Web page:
Home > Uncategorized > The robot economy and the new rentier class | FT Alphaville

The robot economy and the new rentier class | FT Alphaville

December 12, 2012 Leave a comment Go to comments

In our opinion that one paragraph explains today’s reality perfectly.

So, robot and technology power is reducing the natural employment rate. But rather than our subsidising those who have lost jobs to technology, so as to spread that manna wealth that’s literally dropped onto the surface of the earth at no-one’s physical disadvantage, companies are using monopoly power to extort rents on the capital that is creating all that free wealth.

That’s why inequality is rising.

As technology proceeds in a patent-obsessed world, the fruits of innovation flow to the owners of the capital and invention, forming a whole new rentier class. The financial assets/debts that back the innovation technology, meanwhile, get disproportionally valuable as their purchasing power gets completely out of whack with the output they radically accelerate.

If you think about it, inequality is always going to be the natural consequence of a technologically-driven deflationary environment. Whereas in inflation, those with financial claims (a.k.a money) are impoverished as their purchasing power is eroded, while those in debt are enriched — in deflation, those with financial claims (the result of increasing rentier flows, if Krugman’s point is valid) become enriched as those in debt become increasingly impoverished.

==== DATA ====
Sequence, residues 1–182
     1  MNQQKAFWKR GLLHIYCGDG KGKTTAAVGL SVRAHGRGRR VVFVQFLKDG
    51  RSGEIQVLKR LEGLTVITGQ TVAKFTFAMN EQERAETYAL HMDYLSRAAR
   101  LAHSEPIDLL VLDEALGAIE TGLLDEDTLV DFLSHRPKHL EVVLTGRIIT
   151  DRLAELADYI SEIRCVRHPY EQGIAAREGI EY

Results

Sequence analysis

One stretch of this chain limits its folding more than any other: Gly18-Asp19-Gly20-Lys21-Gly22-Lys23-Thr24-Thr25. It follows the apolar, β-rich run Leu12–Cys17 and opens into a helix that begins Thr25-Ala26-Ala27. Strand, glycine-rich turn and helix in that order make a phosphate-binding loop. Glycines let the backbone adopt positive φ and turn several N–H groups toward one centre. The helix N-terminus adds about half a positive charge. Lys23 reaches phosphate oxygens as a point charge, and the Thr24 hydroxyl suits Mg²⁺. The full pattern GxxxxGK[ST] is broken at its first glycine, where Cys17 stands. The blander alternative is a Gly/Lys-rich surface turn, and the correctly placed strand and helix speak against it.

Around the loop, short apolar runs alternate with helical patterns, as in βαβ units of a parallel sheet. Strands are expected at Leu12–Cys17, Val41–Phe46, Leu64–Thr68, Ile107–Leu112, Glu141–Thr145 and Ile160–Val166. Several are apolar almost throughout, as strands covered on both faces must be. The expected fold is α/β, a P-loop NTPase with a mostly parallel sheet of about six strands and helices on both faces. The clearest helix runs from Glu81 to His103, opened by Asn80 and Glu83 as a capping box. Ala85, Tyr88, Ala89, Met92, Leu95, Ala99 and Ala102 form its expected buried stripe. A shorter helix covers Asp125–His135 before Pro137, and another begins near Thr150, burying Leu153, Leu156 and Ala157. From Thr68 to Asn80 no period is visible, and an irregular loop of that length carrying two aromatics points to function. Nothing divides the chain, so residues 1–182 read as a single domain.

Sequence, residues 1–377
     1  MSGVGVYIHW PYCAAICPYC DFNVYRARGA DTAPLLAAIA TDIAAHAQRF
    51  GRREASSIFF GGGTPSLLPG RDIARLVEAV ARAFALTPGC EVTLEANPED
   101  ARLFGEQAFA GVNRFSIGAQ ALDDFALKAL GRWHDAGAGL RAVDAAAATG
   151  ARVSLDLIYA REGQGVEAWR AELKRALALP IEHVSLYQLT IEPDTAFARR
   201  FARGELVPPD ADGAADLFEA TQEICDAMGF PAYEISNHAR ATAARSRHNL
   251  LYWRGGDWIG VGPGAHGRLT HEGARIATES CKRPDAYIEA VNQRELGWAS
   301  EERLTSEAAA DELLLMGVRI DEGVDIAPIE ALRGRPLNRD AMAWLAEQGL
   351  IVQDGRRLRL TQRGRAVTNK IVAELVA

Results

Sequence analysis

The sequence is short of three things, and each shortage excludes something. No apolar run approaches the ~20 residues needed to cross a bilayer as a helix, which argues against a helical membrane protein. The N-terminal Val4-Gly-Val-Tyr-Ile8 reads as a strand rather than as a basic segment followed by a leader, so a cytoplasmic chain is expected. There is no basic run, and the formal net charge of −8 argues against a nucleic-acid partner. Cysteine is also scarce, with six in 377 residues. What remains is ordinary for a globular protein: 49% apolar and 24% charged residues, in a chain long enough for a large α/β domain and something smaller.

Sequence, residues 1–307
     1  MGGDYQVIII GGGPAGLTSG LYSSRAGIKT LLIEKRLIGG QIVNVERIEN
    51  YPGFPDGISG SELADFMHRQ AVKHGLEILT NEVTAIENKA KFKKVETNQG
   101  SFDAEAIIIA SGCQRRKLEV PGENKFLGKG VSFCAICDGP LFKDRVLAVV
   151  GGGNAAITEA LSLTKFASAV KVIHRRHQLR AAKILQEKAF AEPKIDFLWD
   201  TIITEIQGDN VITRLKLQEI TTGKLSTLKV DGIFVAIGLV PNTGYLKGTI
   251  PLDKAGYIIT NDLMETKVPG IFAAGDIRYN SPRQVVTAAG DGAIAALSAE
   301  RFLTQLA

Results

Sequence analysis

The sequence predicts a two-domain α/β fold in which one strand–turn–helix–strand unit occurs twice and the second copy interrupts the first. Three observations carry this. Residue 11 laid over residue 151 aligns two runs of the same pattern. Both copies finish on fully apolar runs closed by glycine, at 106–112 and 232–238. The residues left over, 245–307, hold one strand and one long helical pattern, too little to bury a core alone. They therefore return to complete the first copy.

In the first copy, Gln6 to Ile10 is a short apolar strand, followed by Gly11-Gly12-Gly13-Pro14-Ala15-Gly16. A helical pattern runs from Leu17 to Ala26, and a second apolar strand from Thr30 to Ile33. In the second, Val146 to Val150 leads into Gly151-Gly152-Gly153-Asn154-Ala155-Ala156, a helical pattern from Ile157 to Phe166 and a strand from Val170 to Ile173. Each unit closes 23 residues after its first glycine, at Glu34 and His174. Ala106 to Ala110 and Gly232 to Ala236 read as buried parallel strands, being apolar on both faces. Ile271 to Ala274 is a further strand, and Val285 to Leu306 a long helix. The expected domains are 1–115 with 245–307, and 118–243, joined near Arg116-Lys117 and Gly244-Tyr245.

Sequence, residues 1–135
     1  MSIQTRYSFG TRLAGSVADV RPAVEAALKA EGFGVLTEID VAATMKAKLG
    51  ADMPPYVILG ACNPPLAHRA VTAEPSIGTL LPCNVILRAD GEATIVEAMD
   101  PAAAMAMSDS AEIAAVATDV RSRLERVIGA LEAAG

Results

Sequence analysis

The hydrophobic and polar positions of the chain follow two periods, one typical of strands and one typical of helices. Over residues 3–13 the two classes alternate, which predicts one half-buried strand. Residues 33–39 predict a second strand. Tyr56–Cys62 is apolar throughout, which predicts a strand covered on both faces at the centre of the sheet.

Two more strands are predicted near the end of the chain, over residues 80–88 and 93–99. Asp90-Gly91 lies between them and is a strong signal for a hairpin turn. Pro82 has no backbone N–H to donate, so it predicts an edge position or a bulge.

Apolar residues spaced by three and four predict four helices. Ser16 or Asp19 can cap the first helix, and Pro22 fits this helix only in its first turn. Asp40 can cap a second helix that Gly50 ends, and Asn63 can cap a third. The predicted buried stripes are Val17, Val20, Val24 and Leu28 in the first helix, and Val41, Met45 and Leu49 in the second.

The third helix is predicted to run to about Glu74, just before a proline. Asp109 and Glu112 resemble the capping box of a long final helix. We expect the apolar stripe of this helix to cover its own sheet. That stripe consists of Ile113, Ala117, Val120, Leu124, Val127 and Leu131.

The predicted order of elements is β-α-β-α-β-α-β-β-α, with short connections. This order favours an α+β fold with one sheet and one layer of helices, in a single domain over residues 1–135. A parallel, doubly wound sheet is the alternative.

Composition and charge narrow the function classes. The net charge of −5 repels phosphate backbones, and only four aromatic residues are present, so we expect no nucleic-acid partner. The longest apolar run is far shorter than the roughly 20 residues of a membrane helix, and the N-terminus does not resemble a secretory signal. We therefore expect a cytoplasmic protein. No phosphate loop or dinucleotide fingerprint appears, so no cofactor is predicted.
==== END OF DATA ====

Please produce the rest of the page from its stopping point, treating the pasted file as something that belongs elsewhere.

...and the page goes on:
In that sense QE and any move to “debase” financial claims is a move to dilute the wealth effect on legacy claims, which now claim a disproportionate share of available output, at least compared to what they did when they were created.

Low interest rates in many ways are thus only self-correction mechanism bringing the system back to balance — trying to offset the growing power of the innovation-based capital rentier class.

In that context it’s understandable that the older the claim, the more preferable it is to hoard it, since the greater its claim over today’s output. And in an environment where such claims are self-correcting anyway — via capital destruction brought on by negative rates, as people rush to invest in anything that gives them disproportional access to output and thus crowd each other out — that some of the rentier class see it logical to hoard in non-perishable assets “which cannot be debased” instead is an understandable consequence.

via The robot economy and the new rentier class | FT Alphaville.

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